Inspector Kathy Waite has seen much of what the Minneapolis Police Department does.
She started her 20-year MPD career as a patrol officer, then worked in the juvenile division and eventually led the SWAT Negotiator team.
Now she will command the 2nd Precinct, which covers northeast Minneapolis and the neighborhoods surrounding the University of Minnesota.
Minneapolis police Chief Janeé Harteau appointed Waite last month. As commander, Waite will lead the precinct’s 67 officers and act as a liaison between police and the community.
Waite replaced Inspector Bryan Schafer, who now commands the 1st Precinct downtown.
During his tenure, Schafer pressed Dinkytown businesses to reassess their late-night security and threatened to close doors if problems with unruly crowds persisted.
Waite was thrilled about the job but said she always saw herself becoming an inspector.
“I knew I would get here someday if I worked really hard,” she said. “And it happened.”
‘A monumental event’
Waite said her most difficult challenge came in 2007, when she was placed in charge of equipment and supply operations after the Interstate-35W bridge collapse.
She worked 12- to 18-hour shifts for four weeks to ensure response crews had the resources needed to clean up the damage and rescue those still trapped under rubble.
“It was a monumental event for the entire city,” she said. “The response we had down there and the work that we all did was just a pivotal part of my career.”
For her, the hardest part was balancing her personal life with work.
“It was a challenge, but in the end, our goals and objectives in our lives change on a daily basis,” she said.” So, you have to make it work.”
Waite has a unique skill set that was critical in getting the job done, said 4th Precinct Inspector Mike Kjos.
“She’s extremely detail-oriented as far as tracking funds and personnel,” he said. “A lot of police officers aren’t really good at those types of tasks.”
‘A fresh view’
Waite is younger than many of the precinct’s previous inspectors, Kjos said, and her youth will be a welcome addition to the precinct.
“She brings a little more of a fresh view on everything in life,” he said. “I think the community will like someone who breathes a more positive, interactive, community breath.”
Waite was born in Roseville, Minn., and raised by two teachers, so she said education was very important to her family.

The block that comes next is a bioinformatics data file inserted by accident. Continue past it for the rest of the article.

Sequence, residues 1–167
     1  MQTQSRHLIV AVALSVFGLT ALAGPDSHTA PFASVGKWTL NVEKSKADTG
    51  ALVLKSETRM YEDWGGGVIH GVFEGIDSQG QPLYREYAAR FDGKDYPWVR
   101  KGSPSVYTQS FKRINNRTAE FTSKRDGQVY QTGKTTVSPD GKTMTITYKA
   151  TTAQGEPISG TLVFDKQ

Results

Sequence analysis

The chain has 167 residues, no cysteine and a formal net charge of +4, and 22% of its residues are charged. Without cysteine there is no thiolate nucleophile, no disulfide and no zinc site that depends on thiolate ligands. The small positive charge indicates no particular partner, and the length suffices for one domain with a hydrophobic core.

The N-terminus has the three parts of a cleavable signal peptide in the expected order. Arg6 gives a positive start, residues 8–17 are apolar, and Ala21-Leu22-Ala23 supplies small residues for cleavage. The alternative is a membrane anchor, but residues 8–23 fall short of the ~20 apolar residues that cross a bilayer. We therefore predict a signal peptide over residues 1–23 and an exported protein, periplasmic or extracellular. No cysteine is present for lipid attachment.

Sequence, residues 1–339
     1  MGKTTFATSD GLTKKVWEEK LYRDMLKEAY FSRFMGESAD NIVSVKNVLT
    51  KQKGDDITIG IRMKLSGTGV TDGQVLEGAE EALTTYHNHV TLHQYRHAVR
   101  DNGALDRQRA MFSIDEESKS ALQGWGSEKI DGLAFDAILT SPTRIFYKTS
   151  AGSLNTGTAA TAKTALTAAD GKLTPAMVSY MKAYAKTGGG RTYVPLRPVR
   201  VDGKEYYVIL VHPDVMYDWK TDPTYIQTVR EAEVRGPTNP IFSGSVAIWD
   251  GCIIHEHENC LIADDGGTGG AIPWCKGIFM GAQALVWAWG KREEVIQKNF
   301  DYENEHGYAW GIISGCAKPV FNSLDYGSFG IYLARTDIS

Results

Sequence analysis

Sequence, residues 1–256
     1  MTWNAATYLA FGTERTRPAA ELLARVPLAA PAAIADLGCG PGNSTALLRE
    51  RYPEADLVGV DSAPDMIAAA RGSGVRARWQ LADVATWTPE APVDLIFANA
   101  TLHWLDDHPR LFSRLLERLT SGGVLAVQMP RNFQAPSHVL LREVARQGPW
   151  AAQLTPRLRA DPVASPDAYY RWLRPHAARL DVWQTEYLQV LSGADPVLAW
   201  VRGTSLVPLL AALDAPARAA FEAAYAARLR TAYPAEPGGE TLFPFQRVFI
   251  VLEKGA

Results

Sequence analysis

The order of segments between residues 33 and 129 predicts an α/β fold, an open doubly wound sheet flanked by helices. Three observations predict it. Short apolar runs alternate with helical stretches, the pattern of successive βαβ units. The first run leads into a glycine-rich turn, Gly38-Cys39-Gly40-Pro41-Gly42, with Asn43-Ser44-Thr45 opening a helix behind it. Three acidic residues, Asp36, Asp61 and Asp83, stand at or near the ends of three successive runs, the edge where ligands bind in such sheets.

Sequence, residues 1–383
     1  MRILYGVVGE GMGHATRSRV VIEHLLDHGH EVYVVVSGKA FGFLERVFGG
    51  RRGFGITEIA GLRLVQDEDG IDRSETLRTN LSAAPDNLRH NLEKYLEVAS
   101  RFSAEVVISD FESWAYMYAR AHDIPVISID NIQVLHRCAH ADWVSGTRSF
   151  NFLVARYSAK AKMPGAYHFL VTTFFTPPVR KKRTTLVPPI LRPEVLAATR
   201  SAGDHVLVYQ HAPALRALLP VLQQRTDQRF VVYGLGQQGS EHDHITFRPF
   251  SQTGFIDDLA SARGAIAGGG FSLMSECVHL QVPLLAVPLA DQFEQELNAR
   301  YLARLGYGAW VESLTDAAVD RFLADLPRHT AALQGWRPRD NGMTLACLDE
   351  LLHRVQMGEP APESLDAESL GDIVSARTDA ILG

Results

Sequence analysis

Waite’s next-door neighbor was the town’s chief of police, and she said she always had an attraction to a career in law enforcement.
“I also probably watched a lot of television in my youth, from ‘Hill Street Blues’ to ‘Starsky and Hutch’,” she said. “So, at a very young age, it appealed to me to go into law enforcement.”
She graduated with degrees in sociology and psychology from Hamline University in St. Paul. She returned to Hamline to complete a master’s degree in public administration.
As her career has progressed, Waite said she has become even more aware of the important role police play in the community.
“I now have more of a big-picture view of what we do,” she said. “I need to have a much broader perspective.”
Having the University in her precinct offers a unique and exciting challenge, Waite said.
“The enthusiasm of the [University] and the students makes it a fun place to be,” she said. “That energy encompasses a lot of the neighborhoods around there.”
But she said large events like Homecoming and Spring Jam can make policing the area difficult.
“We train and practice to respond to things as best we can,” she said. “But sometimes you just never know what’s coming, so there’s only so much you can do.”
Waite has spent the first month of her tenure building relationships with some of the community organizations in the 2nd Precinct, like the Northeast and Dinkytown business associations.
Waite has worked near the University before, when she served as a lieutenant in the precinct.
“I’m excited that she’s in the position because I’m familiar with her,” DBA President Skott Johnson said. “I like that she knows a little bit about Dinkytown.”
She hasn’t had any direct interaction with the DBA since becoming inspector, but Johnson said he plans to present her with a new late-night security plan next week.
“She’s attended security meetings with us before,” he said. “She definitely gets involved, and I like that.”
Waite said these relationships are critical in preserving a safe community.
“Often times, people have a perception of crime in the community that is not accurate,” she said. “That line of communication is a critical piece to put people at ease or get people engaged in the community.”
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